Nigerian literature has experienced a resurgence in recent years. But Nigerian authors are often better known in Europe and the US than at home because local publishers show little interest. Bibi Bakare-Yusuf, co-founder of Cassava Republic Press, hopes to change all that. Her small publishing house established in 2005 aims to bring new Nigerian authors to Nigerian readers. In the coming year Bakare-Yusuf plans to expand Cassava across West Africa. Publishing in Nigeria is an expensive – and so far not a profitable – business, but Bakare-Yusuf’s ambitions are not just financial. “We want to reconfigure the boundaries of what African literature might be,” she says.
“How come no one designs a lightweight bike for transporting two kids and a case of beer?” Danish newspaper Politiken asked 11 years ago in a review of a Copenhagen exhibition of bikes. “Well, I just might,” thought mechanical engineer, Niels Holme Larsen, who started developing a prototype.
Today, approximately 5,000 Nihola bikes are ridden around the Copenhagen area, and even though Nihola makes several styles – such as postbikes and bikes for transporting your dog – nine out of 10 bikes sold are the family bike, which sells for about €2,200.In January, Nihola will set up shop in Berlin and Paris and in 2010 it’ll be looking to the US and Canada.
Efforts by the US and others to wean themselves off oil and cut their CO2 output has lead to some unintended consequences. The push for biofuels has seen food prices soar as crops such as corn are used to make clean burning ethanol. Help is on the way, however. Canadian biotech firm Iogen is developing a next-generation ethanol made from what’s left over in the field (wheat straw) that can run in the flex-fuel vehicles that have now being offered by automakers. So far, the technology is in trials but investment is pouring in from heavyweights such as Shell and Goldman Sachs. The Ottawa-based company is planning to build its first biofuel refinery in Saskatchewan.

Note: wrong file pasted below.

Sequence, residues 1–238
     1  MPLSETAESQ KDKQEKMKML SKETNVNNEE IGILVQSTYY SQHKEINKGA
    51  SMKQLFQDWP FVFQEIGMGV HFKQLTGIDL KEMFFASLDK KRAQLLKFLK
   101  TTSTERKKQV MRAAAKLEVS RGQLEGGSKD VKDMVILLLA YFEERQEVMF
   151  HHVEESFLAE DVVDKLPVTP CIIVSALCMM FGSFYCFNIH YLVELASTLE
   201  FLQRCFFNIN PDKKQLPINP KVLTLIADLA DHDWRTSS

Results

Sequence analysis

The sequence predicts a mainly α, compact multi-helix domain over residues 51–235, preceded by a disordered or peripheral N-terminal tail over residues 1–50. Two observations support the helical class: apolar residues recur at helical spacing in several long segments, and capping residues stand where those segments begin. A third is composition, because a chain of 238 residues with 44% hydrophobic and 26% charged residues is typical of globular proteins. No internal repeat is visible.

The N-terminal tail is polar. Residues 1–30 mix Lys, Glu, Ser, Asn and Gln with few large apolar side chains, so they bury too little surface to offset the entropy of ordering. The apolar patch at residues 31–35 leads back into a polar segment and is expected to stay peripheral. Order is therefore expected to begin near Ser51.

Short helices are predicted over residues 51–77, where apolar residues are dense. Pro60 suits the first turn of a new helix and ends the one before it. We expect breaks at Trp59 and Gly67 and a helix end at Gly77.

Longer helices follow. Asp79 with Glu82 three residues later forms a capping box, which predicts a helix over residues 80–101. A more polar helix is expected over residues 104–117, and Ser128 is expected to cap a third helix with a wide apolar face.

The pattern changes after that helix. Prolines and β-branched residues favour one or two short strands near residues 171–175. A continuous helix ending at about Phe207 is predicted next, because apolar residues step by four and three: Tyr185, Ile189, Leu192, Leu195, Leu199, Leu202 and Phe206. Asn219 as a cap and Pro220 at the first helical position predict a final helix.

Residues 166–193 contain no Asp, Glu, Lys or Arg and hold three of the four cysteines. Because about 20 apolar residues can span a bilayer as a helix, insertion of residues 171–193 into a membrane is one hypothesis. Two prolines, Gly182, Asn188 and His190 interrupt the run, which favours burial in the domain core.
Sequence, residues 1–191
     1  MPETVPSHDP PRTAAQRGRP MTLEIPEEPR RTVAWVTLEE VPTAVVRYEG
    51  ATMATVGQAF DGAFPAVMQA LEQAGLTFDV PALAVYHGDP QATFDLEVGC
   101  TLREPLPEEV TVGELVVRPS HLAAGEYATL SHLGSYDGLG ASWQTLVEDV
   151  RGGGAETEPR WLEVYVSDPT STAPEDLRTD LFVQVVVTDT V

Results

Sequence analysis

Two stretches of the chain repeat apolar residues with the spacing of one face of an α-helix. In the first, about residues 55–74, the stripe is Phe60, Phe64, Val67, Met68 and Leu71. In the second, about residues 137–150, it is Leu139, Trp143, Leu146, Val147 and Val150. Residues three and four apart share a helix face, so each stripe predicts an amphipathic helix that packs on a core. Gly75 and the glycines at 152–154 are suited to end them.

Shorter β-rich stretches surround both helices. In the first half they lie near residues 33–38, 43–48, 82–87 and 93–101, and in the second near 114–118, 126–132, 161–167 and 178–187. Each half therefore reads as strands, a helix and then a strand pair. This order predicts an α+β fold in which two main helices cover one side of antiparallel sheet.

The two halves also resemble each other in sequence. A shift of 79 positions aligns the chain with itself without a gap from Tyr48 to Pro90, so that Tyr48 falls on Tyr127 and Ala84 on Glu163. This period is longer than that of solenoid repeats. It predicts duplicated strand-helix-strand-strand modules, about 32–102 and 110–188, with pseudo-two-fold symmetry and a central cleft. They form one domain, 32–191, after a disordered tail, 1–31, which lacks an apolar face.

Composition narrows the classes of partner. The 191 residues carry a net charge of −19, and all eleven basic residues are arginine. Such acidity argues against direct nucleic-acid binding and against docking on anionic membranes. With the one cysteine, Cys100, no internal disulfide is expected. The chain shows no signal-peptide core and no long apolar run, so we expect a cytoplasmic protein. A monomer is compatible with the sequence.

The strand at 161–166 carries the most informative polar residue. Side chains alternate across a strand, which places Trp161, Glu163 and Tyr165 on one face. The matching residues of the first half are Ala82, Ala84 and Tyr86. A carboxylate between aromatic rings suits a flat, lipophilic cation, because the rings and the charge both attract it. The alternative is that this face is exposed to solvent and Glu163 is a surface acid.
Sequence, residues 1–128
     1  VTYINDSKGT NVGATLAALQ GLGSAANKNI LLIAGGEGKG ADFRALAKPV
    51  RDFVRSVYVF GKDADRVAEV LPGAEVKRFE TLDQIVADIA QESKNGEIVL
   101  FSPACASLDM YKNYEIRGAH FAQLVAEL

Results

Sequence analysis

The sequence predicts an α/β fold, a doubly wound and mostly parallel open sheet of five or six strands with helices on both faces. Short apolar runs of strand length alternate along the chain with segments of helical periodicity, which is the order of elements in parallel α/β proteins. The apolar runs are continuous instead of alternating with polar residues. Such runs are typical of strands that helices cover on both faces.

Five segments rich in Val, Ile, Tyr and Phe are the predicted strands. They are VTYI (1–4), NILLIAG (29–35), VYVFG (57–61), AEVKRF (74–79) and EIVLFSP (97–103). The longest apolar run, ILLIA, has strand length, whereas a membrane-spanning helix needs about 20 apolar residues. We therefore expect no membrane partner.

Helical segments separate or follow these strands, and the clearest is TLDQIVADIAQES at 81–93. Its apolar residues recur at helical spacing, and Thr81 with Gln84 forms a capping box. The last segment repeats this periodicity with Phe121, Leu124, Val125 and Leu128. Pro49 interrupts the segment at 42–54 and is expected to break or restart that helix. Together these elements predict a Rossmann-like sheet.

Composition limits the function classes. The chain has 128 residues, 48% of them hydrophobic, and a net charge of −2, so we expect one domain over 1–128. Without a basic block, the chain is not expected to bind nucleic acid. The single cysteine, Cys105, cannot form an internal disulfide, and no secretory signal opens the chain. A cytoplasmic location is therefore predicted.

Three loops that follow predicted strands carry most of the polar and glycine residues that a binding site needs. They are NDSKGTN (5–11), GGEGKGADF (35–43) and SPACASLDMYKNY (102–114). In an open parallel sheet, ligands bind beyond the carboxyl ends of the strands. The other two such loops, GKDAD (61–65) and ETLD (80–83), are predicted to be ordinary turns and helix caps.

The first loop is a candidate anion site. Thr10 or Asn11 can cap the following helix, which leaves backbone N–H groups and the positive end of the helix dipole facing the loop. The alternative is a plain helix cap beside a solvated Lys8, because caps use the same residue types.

At last, a sexy hybrid saloon. The Fisker Karma is scheduled for launch in the fourth quarter of 2009 by the California-based Fisker Automotive. If they prove accurate, the Karma’s vital statistics are remarkable: a top speed of over 125mph, 0-60mph in under six seconds, and, most importantly, an emissions-free range of 80km. Fisker claims that most owners will only need to refuel once a year, while a price of €62,000 makes it an intriguing alternative to mid-range German saloons. The company’s Danish CEO, Henrik Fisker, unveiled what looked like the finished article – which will be built in Finland – at the Detroit show in January 2008. Rival Californian hybrid car firm, Tesla Motors, recently took legal action against Fisker over allegations of corporate sabotage and intellectual theft concerning its own hybrid saloon. But that car, which would have been a major competitor to the Karma, will now not be launched until late 2010. Fisker tells Monocle, “2009 is a critical year for us ... our first 100 customers will take delivery at the end of the year.”
Apollo Tyres, India’s largest tyre manufacturer, does things a bit differently. Apollo has built its $1.2bn empire from places not well-known for their automotive industries and infrastructure, such as South Africa and Zimbabwe. Run by the Kanwar family since 1975, it makes 35,000 tyres a day in eight plants in Africa and India. “Apollo comprises people who like big goals and tough challenges,” says chief corporate strategist Sunam Sarkar. In 2009, Apollo plans to set up a factory in Europe, where tyres made for dreadful roads should be just the thing.
Forget extra-marital shenanigans and frisky underwear, the real French housewife’s secret is Picard Surgelés, the gourmet frozen-food store. Thousands buy their frozen hors d’oeuvres and lavish main courses there every day, and pass them off as their own. Picard’s warm, primary-coloured stores and high-quality (additive-free) ready meals dominate French frozen foods with a market share of 19 per cent and a turnover of over €1.2bn last year. The chain, founded in 1973 and owned by UK investment group BC Partners, has 750 stores in France and has moved into the Italian market, where it now has 28 branches. Director of communications, Georges Grunenwald, says its frozen vegetable sales should maintain the company’s annual growth of 4 to 8 per cent. “We will open another 45 stores in France next year. Our target is 1,000, after which we may respond to the requests we have to expand into countries such as Spain, Canada and Saudi Arabia.”